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Indian Cinema History and Functions

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             Cinema is one of the great inventions of the 19th century. From a mere silent movement of black and white photos it has become a film with speech and sound in it and then with the developments in science and technology cinema has adopted new look and presentation with improved sound and visual effects. For many people, cinema is like a magic and filmmakers exploit this magic to tell stories in different ways at different times.  Cinema is located both as a dynamic cultural institution as well as a highly sophisticated mode of representing the world. Therefore it deals with aesthetics, form, genre and narrative structure. At the same time these issues will also be located within other things such as culture, politics and history.

Cinema is one of the most popular media of communication. It is a combination of several arts like, literature, painting, music, architecture, sculpture, photography, dance etc. Cinema is also a medium of non-verbal communication. In other words, cinema salso peaks through silence, facial expression, body language etc.

There are some signs of social change. Today there are some of films to the life of the subaltern society. The theme of subalternity with its inherent ramifications is yet to find favor among film makers in India. Progressive film makers of the 1960s attempted to address the theme of subaltern and dared to give the subaltern a voice, but they remained singular attempts. They remained as instruments to idolize the hero, to act as a contrast to the elite protagonist or as the poor helpless victims who offer the protagonist an opportunity to display his heroism. When it comes to Tamil films, here are examples of Pa Ranjith’s films Kaala and Kabali. Kaala is story of people in Mumbai, the people who had migrated from Tamil Nadu are living in the Dharavi slum. Kabali is the story of A Kuala Lumpur–based don Kabaleeswaran alias Kabali is released after spending 25 years in prison This study on Pa Ranjith films Kaala and Kabali  tries to analyze the representation of Dalit community in Tamil cinema.

Indian Cinema

India has one of the oldest and largest film industries in the world. The history of Indian Cinema goes back to the nineteenth century. In 1896, the very first films shot by the Lumiere Brothers were shown in Mumbai (then Bombay). But history was actually created when Harishchandra Sakharam Bhatavdekar popularly known as Save Dada, the still photographer, was so much influenced by the Lumiere Brothers’ production that he ordered a camera from England. His first film was shot at the Hanging Gardens in Mumbai, known as ‘The Wrestlers’. It was a simple recording of a wrestling match which was screened in 1899 and is considered as the first motion picture in the Indian Film Industry.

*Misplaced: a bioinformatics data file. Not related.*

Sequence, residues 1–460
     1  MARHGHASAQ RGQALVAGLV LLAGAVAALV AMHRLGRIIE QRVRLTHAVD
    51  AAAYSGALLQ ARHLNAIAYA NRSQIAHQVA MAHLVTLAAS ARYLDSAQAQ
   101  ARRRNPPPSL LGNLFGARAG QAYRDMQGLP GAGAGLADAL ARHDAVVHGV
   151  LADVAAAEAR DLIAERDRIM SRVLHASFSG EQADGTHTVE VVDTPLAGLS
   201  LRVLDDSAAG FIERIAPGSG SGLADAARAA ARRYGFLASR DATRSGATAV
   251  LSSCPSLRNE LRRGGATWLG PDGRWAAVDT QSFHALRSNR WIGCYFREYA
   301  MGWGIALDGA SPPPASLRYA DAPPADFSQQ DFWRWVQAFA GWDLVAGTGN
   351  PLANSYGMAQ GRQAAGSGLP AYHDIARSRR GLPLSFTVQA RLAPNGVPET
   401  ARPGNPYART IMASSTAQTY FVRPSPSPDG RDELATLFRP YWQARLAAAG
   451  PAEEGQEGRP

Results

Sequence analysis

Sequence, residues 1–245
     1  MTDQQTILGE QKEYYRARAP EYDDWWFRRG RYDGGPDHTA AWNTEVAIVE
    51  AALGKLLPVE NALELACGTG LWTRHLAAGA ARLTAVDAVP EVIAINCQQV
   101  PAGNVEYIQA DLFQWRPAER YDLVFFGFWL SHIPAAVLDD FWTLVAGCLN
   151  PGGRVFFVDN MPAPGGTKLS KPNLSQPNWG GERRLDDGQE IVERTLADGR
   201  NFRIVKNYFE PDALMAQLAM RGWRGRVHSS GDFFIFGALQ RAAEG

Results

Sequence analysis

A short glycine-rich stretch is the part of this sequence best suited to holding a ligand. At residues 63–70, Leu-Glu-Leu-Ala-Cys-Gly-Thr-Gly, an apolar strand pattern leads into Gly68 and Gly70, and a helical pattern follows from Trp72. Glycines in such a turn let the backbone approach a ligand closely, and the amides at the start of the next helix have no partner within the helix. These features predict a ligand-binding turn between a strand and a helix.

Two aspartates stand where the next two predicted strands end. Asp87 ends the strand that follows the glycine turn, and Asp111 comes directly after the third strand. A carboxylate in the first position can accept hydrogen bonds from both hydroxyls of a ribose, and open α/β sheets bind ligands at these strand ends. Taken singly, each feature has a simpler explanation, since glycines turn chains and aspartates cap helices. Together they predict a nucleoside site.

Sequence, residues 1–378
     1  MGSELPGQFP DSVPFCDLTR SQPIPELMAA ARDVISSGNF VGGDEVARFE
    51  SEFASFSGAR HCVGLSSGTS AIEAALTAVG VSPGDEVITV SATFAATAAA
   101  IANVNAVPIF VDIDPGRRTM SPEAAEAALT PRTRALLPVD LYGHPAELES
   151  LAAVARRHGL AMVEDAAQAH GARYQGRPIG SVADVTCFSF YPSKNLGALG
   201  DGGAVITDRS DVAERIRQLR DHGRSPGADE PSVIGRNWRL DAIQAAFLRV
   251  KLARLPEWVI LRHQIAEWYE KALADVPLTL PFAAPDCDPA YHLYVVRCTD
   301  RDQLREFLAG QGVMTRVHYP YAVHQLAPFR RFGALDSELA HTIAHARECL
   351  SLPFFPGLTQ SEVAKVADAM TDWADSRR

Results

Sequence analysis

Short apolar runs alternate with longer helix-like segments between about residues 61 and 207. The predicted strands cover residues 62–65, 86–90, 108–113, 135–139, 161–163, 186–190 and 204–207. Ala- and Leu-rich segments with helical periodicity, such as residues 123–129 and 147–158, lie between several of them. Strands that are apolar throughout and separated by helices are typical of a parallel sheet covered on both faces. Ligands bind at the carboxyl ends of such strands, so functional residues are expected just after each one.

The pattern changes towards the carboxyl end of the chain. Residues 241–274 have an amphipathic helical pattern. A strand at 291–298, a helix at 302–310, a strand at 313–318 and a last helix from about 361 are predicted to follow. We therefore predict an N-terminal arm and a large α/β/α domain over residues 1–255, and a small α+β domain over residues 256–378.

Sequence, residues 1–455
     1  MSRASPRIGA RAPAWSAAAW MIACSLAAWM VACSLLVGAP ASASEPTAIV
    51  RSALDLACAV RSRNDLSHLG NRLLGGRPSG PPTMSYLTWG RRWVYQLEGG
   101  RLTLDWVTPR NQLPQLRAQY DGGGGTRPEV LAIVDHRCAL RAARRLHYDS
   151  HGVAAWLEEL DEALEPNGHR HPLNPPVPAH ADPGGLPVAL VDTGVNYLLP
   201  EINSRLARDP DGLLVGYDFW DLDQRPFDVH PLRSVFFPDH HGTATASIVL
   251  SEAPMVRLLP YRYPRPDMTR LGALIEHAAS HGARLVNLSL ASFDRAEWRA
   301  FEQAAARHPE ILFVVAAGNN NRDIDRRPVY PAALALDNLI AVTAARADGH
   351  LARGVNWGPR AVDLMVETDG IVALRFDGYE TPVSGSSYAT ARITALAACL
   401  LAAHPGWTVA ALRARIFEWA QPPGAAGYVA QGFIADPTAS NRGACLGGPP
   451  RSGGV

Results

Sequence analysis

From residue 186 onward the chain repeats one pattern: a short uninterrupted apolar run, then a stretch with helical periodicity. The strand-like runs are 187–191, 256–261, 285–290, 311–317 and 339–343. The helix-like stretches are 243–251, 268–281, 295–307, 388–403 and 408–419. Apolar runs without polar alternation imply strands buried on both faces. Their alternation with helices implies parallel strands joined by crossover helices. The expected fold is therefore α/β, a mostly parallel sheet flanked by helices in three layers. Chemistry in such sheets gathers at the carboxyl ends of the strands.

Father of Indian Cinema, Dadasaheb Phalke released the first ever full-length feature film ‘Raja Harishchandra’ in 1913, Dadasaheb Phalke is now remembered through a life-time achievement award bestowed by the film industry in his name. At that point of time it was really hard to arrange somebody to portray the role of females. Among the middle classes, that association of acting with the loss of virtue, female modesty, and respectability has only recently been put into question.  Indian cinema has seen a great transformation since the early nineteen-thirties. The 1930’s saw the emergence of three big banners in Indian cinema- Prabhat, Bombay Talkies and New Theatres. The first Indian talkie – Alam Ara – was released on March 14, 1931. After that, there was no turning back. Directed by Ardeshir Irani, it was the first Indian film with sound.

During the same period, South India saw the release of two talkies- Bhakta Prahlada in Telugu and Kalidas in Tamil. Following the release of these movies was the till-date-famous Devdas. The period witnessed a remarkable and outstanding transformation of the film industry. Notable filmmakers like Satyajit Ray, and Bimal Roy made movies which focused on the survival and daily miseries of the lower class. The historical and mythological subjects took a back seat and the films with social messages began to dominate the industry. These films were based on themes such as prostitution, dowry, polygamy and other malpractices which were prevalent in our society.

The golden era of Indian Cinema started after independence. Satyajit Ray made Pather Panchali (Song of the Road) in 1955- the first of ‘Apu Trilogy’ and with this film Indian cinema made, its presence felt all over the world. Satyajit Ray who also assisted Jean Renoir on The River made Aparajito (The Unvanquished) in 1957 and Apur Sansar (the world of Apu) in 1958 thus completed the Apu trilogy. Gurudutt’s Pyaasa and Kagaz Ke Phool, B.R. Chopra’s Kanoon; the first Indo-Soviet co-production Pardesi by K.A. Abbas were made during the fifties. Some outstanding films of 50s include Bimol Roy’s Do Bigha Zameen, Raj Kapoor’s Awara and Mehboob’s Mother India.

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